Cat5e in Bay Area large new res buildings left unused?
I'm just trying to understand the phenomenon.
Here in the South Bay area, there are a very significant number of medium- and high-rise new apartment and condominium buildings, with 100+ units per building (i.e. per webpass.net's pricing, they'd offer free building hookup), already having centralised Cat5e or even Cat6, yet there are basically no telecoms who'd steps up and offer any kind of VDSL or Ethernet connectivity at all. Why?
Heck, it seems like the community I'm in right now, is just about the only one that even has AT&T U-verse, thanks the building being pre-glassed with fibreoptics! Residents in most of these other new (2005+) and even newer (2010+) buildings would have to suffice themselves with either Comcast or xDSL from the CO! Seriously? Even AT&T can't seem to collect their guts and put up a node within the 250 unit buildings, and offer outstanding VDSL2 experience. Why? Where if not within these high-rises (Skyline at Tamien Station, Axis San Jose, The 88 SJ etc) could the population density be utilised to the fullest extent for the best VDSL results?
Why is noone stepping up? Webpass.net in San Francisco and Paxio.net in Santa Clara are about the only providers I have found so far that even offer this kind of service in principle (both happen to offer residential unlimited symmetric 100/100 under 100$, which is essentially what we're after here). Both seem reasonably sound, stable and mature, yet there are still thousands of people in the Bay Area living in brand-new buildings with internet connections slower than you can have just about all across the world, including Eastern Europe and South Korea. What's going on? Why's noone stepping in? Why not even the most popular CLEC/DLEC in the area, Sonic.net?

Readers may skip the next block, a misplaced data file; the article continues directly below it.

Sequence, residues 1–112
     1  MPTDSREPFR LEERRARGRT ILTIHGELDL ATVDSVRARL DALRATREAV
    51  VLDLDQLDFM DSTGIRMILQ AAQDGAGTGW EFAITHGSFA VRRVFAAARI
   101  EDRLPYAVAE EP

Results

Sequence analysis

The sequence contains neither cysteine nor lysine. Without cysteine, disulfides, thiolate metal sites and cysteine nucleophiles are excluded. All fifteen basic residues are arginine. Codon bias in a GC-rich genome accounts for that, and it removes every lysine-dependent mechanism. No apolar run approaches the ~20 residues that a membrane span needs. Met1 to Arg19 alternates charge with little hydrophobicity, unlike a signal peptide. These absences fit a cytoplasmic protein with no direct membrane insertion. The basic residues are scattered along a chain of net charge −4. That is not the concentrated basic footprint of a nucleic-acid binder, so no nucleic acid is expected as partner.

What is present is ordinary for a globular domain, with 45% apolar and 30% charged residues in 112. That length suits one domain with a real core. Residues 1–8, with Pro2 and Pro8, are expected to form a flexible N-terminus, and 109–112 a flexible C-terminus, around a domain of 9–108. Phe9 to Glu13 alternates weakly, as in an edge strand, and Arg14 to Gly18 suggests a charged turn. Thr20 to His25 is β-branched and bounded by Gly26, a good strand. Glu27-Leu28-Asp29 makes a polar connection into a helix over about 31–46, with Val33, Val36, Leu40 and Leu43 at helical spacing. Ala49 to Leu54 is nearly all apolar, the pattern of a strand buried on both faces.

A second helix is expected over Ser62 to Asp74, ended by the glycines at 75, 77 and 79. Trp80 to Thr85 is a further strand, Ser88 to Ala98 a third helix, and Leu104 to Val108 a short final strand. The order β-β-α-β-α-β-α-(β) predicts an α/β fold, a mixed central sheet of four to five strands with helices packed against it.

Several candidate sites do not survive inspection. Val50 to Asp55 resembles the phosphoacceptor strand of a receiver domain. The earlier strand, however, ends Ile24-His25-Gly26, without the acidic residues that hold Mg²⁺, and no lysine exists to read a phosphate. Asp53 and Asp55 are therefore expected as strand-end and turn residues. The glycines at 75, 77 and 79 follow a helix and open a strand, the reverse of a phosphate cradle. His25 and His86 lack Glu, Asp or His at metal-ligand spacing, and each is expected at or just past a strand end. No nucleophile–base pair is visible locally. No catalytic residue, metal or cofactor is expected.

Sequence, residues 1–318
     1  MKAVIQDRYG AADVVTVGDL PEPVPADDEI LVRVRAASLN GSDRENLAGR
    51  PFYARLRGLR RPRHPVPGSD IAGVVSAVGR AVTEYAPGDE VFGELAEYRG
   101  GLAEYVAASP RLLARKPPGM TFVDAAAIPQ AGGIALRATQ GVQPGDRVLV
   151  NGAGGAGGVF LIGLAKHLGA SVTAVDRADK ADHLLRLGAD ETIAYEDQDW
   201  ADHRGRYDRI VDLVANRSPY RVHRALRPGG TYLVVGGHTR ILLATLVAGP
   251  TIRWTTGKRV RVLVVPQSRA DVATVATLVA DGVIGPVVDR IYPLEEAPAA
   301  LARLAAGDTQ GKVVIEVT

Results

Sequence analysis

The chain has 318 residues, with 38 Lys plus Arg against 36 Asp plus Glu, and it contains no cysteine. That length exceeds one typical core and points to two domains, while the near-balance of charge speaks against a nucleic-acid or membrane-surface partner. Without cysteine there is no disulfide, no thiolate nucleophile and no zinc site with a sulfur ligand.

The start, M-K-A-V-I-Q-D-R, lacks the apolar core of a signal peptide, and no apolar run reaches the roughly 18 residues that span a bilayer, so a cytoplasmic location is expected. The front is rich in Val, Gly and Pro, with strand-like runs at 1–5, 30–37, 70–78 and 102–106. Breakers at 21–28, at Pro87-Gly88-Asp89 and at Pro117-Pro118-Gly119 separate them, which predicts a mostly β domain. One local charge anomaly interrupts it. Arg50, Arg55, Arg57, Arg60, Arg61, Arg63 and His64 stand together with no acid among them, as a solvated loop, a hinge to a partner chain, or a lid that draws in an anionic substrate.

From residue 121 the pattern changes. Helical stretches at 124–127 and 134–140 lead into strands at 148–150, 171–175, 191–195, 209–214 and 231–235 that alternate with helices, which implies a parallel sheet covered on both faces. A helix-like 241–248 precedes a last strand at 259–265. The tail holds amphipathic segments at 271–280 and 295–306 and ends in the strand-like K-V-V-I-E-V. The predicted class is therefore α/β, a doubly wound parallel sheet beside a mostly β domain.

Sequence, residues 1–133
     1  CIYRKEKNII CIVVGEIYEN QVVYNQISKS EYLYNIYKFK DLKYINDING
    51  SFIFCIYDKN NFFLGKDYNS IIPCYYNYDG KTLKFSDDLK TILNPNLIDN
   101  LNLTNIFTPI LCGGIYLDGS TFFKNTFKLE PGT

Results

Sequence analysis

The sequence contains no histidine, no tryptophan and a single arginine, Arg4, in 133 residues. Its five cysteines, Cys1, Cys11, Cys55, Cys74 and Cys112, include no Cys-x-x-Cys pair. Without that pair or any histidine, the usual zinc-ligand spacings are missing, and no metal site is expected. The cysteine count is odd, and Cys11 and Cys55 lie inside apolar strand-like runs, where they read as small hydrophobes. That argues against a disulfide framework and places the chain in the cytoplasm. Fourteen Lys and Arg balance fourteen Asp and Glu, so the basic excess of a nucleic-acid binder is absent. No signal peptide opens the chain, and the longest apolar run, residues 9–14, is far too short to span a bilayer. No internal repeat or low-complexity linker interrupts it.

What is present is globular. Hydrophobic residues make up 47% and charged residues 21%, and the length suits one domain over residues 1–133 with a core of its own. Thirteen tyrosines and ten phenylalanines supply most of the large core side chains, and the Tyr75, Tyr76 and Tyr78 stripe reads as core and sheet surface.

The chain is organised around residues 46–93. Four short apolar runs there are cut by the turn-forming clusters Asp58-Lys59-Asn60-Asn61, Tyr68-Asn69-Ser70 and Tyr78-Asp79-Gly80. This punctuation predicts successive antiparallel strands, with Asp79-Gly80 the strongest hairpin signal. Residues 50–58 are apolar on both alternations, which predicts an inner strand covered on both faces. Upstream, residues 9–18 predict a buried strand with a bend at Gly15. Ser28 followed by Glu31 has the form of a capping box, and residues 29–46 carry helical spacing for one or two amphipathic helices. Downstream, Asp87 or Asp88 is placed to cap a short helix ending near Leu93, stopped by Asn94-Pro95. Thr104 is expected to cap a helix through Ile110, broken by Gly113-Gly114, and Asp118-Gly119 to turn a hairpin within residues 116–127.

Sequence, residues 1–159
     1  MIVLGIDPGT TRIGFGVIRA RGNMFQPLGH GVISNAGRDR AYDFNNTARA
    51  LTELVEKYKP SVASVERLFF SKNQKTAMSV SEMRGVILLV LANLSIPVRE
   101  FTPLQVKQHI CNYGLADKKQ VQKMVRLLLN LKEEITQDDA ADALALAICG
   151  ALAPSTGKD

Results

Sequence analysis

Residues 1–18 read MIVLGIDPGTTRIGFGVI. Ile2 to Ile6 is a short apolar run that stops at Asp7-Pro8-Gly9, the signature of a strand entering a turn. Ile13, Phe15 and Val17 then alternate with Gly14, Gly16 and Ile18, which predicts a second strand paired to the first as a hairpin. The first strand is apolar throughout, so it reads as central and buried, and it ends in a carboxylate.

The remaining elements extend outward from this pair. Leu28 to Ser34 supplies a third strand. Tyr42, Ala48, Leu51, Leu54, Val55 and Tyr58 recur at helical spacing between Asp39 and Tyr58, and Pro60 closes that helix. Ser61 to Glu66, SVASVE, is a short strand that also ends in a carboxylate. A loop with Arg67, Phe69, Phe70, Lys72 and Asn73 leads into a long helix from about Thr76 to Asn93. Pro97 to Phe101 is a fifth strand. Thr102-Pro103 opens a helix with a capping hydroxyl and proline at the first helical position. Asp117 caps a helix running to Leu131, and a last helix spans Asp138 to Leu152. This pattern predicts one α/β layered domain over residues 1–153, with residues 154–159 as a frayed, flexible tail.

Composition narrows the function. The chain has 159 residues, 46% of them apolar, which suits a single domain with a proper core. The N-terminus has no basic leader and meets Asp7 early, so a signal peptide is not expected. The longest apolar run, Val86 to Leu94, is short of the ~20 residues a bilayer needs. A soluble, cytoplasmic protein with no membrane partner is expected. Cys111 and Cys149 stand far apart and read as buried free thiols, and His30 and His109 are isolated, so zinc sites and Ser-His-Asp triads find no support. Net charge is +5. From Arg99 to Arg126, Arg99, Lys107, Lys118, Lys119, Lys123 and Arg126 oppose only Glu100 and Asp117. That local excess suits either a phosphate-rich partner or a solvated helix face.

In my search, I'm still yet to personally stumble across a building here in the South Bay that'd have Cat5e utilised! I mean, I do have the moral right, if not even an outright obligation, to be surprised here, right? (-:
I share your frustration.
Business logic seems to show that at this time the investment to profitability trade off is not as high as it needs to be or it would be there already.
I cant even get UVerse and am stuck at 6mbps down w/piddly 768up. Conferencing can be flaky at times.
I'm in neither the broadband nor the property development business, but I really fail to understand how come, AT&T explicitly, finds it profitable to provide U-verse in non-apartment buildings, whereas most/many brand new apartment and condominium buildings with 100+ units built within the last 5 years all lack any kind of U-verse service to start with, here in the South Bay.
Do the developers require ridiculous rent fees for onsite equipment? Or is AT&T simply too lazy / can't get their act together? What's AT&T's justification, really?
I think it is a business intelligence issues they are playing with.
Their product development managers are probably sitting there in a room with a beamer shining on the wall looking at profitability pie charts and deciding if they want to cannibalize U-verse over another product owned by another company. I also seem to think Paxio might be an acquisition candidate by ATT. Keeping Paxio suppressed so they can maybe buy them cheap...? I really don't know.
I am grasping at straws here, but suppose you have a central office serving a hundred users all on U-verse. The data pipe to the internet is close to capacity at this CO and to provide fiber to a handful of users requires a non-prime time concentrator for the new Paxio-like traffic.
I think it is games like these that they are playing and the result is these new buildings are playing second fiddle to a less sophisticated technology so as to not cannibalize an existing solid revenue stream. It makes sense why ATT would want to keep these other companies at arms length.
So this is just my guess
and I really dont know squat other than these types of games were played when ADSL was first released more than 10-15 years ago.